Do you think you always eat when you are genuinely hungry? Does your hunger control your eating patterns? Do you often fall into a guilt-trap after binge-eating? Then you should read further.
Mindless eating can harm your physical and mental health. And that’s where the psychology of eating healthy comes into play. It is about identifying food-related behaviors and taking control of your appetite to get nourishment for the body, maintain metabolism and feel great throughout the day.
Here we discuss six different types of hunger to help you stay mindful while eating and avoid binging on unhealthy foods.
Types of Hunger
1. Eye Hunger:
Eye hunger happens when your eyes signal the mind that you need to eat . In this case, it’s not your body that wants food but your eyes. Imagine this, you just had dinner and see that ice-cream cart, which seems too good to pass.
Here, your eyes send the message to the brain that ice cream is tempting and your body needs it, when in reality your stomach is full. Hence, your peepers override the information from the body, stomach and mouth, making you consume unhealthy food at odd times.
Signs: Getting allured by the food that’s in front of you even though you are full.
Manage eye hunger: Instead of rushing to have the food that you just saw, stop and notice with awareness. Be mindful. Tell your mind that you feel content, are no longer hungry and don’t need to eat more.
2. Nose Hunger:
In this, you feel hungry after smelling the aroma of the food. For instance, the tempting smell of freshly baked cake can generate the urge to have it even though you are not hungry. In fact, research shows that food odors influence food choices and desire to consume those items .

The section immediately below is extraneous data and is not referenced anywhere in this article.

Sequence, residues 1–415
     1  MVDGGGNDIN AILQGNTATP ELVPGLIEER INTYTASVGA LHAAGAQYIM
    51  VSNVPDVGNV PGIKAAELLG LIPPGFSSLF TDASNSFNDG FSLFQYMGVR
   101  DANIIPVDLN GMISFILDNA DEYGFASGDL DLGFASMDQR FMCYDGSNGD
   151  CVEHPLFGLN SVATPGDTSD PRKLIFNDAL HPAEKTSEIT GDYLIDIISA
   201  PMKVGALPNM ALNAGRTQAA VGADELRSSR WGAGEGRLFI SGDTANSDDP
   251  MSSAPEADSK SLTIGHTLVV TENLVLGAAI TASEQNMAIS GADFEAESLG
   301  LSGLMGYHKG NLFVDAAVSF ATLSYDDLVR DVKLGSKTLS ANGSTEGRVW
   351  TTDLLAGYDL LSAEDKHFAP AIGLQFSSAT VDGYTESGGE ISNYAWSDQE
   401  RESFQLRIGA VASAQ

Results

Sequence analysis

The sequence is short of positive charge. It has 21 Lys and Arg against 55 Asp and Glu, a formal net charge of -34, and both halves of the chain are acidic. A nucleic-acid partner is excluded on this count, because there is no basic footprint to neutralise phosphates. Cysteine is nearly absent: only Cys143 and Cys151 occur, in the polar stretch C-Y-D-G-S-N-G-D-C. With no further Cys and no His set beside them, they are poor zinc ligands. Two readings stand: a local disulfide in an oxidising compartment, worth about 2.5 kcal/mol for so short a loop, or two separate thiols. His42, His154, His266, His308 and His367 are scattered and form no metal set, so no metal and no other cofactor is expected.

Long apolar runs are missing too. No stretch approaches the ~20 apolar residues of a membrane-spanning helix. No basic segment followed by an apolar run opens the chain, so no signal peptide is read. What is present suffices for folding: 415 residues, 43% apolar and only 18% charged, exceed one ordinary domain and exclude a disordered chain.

Signs: Smell of food evoke a feeling of hunger
Managing nose hunger: Try telling yourself that your nose is tricking your brain and that you are full. Being mindful and aware helps.
3. Mouth Hunger:
This type of hunger arises when you want to eat something that has a particular texture or taste . This is mainly connected to our food habits in the family, cultural traditions, conditioning and even genetics. It may include how salty, sweet or spicy we want our foods to be, and could lead to mindless eating and cravings.
Signs: Wanting to eat something that has a particular flavor or texture. Example – crunchy chips or chocolates.
Managing mouth hunger: Instead of swallowing the food after a few bites, chew your food slowly. This helps you relish it better.
4. Stomach Hunger:
The growling feeling in your stomach, as if something is eating away inside may indicate that you are actually hungry .
Signs: Grouchy feeling in the stomach, light-headedness
Managing stomach hunger: While eating food, be aware of how full you are feeling. Once in a while, pause for a few seconds and ask yourself, “If you are still hungry?” .
5. Cellular Hunger:
When our body demands specific items like citrus juices, salads, starch, protein, solids, etc. we term it as cellular hunger . Our minds crave specific nutrients when we lack them in the body and cellular hunger is a way to tell us exactly that . This type of hunger is more difficult to register as other types easily override it.
Signs: Craving for specific foods
Managing cellular hunger: Have a healthy balanced diet with the right nutrients. Add supplements to your routine if needed.
6. Heart Hunger:
Also termed as emotional eating, heart hunger is often related to our emotions, wherein we resort to certain “comfort foods” to make ourselves feel loved or better . Research reveals that people in a negative state of mind (sad, stressed out, angry) opt for comfort foods to satiate their emotions.
Signs: Unpleasant emotions and mindless eating
Managing Heart Hunger: Be patient, slow down, take a few moments to understand what your body really needs right now. It could be carb, protein, rest, listening to music, going for a walk, etc.
- Mindful Eating: A Guide to Rediscovering a Healthy and Joyful Relationship